Second, I’ve been asked what I’d do in the back with Steve Cherundolo out with injury. I think the American defense is one of the most organized and underappreciated in the World. This is highly evident when you look at player ratings on things like video games. Try winning the World Cup, or even reaching the 16 with America in Winning 11, and you will see what I mean. They are way better than folks think. That said, without Cherundolo, Bradley will likely call on the 34 year old effort engine Frankie Hejduk to fill the void. This gives the Yanks a back four of Gooch, the Captain, the steady and constantly improving, yet out-of-season abroad Heath Pearce and the very limited offensively Hejduk. It is possible that he will go for pace with Jonathan Bornstein– but I have serious questions about his ability to maintain markings despite his pace. I’ve never seen anyone go from World Class Transfer target to MLS All Star to Goat faster than Bornstein did at the last Copa America, where for 45 minutes he made Lionel Messi look pedestrian, and then the next 45 minutes were played. Marvell Wynne is the final option, and he has more pace than most the cars at Daytona this week– but he’s played in a career total of zero games of this magnitude, much less started. He’ll see the field in the Hexagon b/c we need options in 2010– but not tonight.
On the wing– Beasley seems to be the best option on talent– but he’s not on the field enough at Ibrox to make it a no-brainer. Ricardo Clark may start in the midfield, bumping Klejstan out wide left with Dempsey free to roam on the right and Bradley distributing and holding. That makes sense– but Bradley may remain loyal to DeMarcus and not risk an Arena type riff, meaning no Ricardo and the brilliantly in form Sacha in the midfield. This leads me to three….
Finally, What’s with the Anger About Brian Ching on US Message Boards. CNNSI author Jonah Freedman echoes my sentiments on why it is high time for Sam’s Army to stop being bitter and appreciate the gritty Ching: My fellow bloggite Jon and I, and our pal Raf have a longstanding man-crush on Brian that gives him Paul Bunyan/Tim Tebow superpowers– and I myself have a group of awards I give out for the hardest working, grittiest, toughest player who displays the most corozan in each sport— “The Brian Ching Awards.” I am reminded that sometimes we don’t appreciate grit until it is gone– and with Brian in a lone cent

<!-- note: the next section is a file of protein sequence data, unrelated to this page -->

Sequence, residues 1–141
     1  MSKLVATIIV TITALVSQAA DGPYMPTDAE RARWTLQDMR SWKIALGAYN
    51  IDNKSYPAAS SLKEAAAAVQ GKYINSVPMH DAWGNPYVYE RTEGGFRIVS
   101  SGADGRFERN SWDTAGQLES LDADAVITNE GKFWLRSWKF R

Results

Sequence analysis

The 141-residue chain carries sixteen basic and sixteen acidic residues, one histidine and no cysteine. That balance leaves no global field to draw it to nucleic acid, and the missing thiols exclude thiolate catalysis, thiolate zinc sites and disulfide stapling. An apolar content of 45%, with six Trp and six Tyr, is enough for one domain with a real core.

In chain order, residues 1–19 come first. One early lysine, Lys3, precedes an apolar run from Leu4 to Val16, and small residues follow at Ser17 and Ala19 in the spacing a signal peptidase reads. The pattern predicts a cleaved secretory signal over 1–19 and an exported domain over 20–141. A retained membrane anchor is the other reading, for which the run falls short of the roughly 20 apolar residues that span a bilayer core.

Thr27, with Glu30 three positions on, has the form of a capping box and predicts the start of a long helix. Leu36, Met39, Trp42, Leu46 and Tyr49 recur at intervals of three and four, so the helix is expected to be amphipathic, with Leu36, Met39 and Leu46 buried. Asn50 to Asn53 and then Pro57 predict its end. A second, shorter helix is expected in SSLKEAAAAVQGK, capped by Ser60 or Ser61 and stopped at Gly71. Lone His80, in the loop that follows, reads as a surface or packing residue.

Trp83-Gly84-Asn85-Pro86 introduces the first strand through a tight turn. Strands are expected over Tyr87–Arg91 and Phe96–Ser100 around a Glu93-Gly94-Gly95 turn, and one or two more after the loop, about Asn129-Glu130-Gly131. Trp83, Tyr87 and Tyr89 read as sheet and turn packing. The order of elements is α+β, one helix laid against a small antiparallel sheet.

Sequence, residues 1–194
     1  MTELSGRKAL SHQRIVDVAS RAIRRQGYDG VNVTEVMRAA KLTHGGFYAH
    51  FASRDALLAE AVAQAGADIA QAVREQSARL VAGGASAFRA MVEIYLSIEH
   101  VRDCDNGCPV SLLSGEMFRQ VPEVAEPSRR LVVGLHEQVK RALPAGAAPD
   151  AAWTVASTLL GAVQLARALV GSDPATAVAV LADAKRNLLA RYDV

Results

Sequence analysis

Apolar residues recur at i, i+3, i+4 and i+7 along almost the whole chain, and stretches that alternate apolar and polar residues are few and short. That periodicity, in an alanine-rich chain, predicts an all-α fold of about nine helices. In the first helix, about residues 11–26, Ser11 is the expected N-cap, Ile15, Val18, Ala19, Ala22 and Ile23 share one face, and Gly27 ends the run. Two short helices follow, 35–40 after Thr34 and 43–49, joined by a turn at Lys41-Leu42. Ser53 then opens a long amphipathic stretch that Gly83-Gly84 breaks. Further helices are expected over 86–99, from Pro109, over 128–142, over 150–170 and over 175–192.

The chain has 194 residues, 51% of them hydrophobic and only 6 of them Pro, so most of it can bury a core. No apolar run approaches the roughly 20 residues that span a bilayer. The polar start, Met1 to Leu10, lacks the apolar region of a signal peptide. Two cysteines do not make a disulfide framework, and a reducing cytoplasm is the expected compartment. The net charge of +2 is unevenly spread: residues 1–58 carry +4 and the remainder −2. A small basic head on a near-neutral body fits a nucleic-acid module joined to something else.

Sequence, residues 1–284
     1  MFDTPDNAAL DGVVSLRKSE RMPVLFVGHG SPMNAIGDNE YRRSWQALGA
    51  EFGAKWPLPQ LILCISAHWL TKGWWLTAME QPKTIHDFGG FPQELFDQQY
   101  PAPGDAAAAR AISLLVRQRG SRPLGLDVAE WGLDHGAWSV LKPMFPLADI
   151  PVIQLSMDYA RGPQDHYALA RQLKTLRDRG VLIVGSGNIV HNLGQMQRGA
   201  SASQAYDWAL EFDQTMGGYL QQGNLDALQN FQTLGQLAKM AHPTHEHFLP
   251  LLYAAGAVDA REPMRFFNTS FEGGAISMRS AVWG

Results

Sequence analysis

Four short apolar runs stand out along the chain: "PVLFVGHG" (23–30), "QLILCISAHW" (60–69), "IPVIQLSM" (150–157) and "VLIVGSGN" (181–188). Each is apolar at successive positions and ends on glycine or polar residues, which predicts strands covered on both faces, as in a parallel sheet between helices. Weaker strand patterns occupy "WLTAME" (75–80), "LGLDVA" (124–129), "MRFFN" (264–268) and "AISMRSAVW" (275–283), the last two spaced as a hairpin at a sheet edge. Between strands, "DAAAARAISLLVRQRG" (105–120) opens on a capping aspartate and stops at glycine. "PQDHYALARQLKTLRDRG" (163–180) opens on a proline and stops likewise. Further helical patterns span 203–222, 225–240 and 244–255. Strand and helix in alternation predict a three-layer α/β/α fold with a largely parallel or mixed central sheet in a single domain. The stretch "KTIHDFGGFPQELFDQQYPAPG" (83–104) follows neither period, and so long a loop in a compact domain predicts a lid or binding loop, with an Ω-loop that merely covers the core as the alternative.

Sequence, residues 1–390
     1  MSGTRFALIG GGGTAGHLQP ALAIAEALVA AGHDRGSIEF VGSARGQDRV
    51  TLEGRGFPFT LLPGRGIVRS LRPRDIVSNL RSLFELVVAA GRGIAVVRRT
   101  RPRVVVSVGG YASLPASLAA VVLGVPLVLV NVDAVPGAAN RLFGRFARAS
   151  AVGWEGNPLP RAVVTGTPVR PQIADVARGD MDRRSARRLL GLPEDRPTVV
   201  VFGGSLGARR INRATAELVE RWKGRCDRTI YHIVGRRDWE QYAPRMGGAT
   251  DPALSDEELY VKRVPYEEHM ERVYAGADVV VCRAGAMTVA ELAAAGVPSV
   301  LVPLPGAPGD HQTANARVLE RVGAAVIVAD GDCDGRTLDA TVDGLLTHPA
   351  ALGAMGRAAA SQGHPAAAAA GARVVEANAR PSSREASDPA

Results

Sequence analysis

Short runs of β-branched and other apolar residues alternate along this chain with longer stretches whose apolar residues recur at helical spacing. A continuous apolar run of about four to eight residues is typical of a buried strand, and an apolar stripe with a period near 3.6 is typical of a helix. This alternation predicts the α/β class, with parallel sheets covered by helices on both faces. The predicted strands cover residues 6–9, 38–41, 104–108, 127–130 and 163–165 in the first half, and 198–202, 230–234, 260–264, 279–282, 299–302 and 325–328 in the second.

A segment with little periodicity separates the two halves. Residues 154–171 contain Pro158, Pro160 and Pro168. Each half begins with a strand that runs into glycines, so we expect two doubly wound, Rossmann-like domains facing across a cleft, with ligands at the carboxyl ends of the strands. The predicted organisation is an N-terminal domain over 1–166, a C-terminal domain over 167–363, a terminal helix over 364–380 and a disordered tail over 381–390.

er forward position tonight– I challenge people to enjoy him while you can. No one works as hard as Brian Ching, and as a Czech man told me shortly after an embarrassing loss to open the World Cup– “Don’t worry. Brian Ching will score goals.” The fact that he sported a San Jose Earthquakes jersey is neither here nor there– he had the right idea.
So enjoy it tonight. We’ll have a complete wrap up here after– and don’t be surprised with Javier Aguirre recently dismissed from his managerial duties at Atletico Madrid, if Sven must win to prevent El Tri from making another desperate and hasty managerial change.
Filed Under: World Cup 2010
About the Author: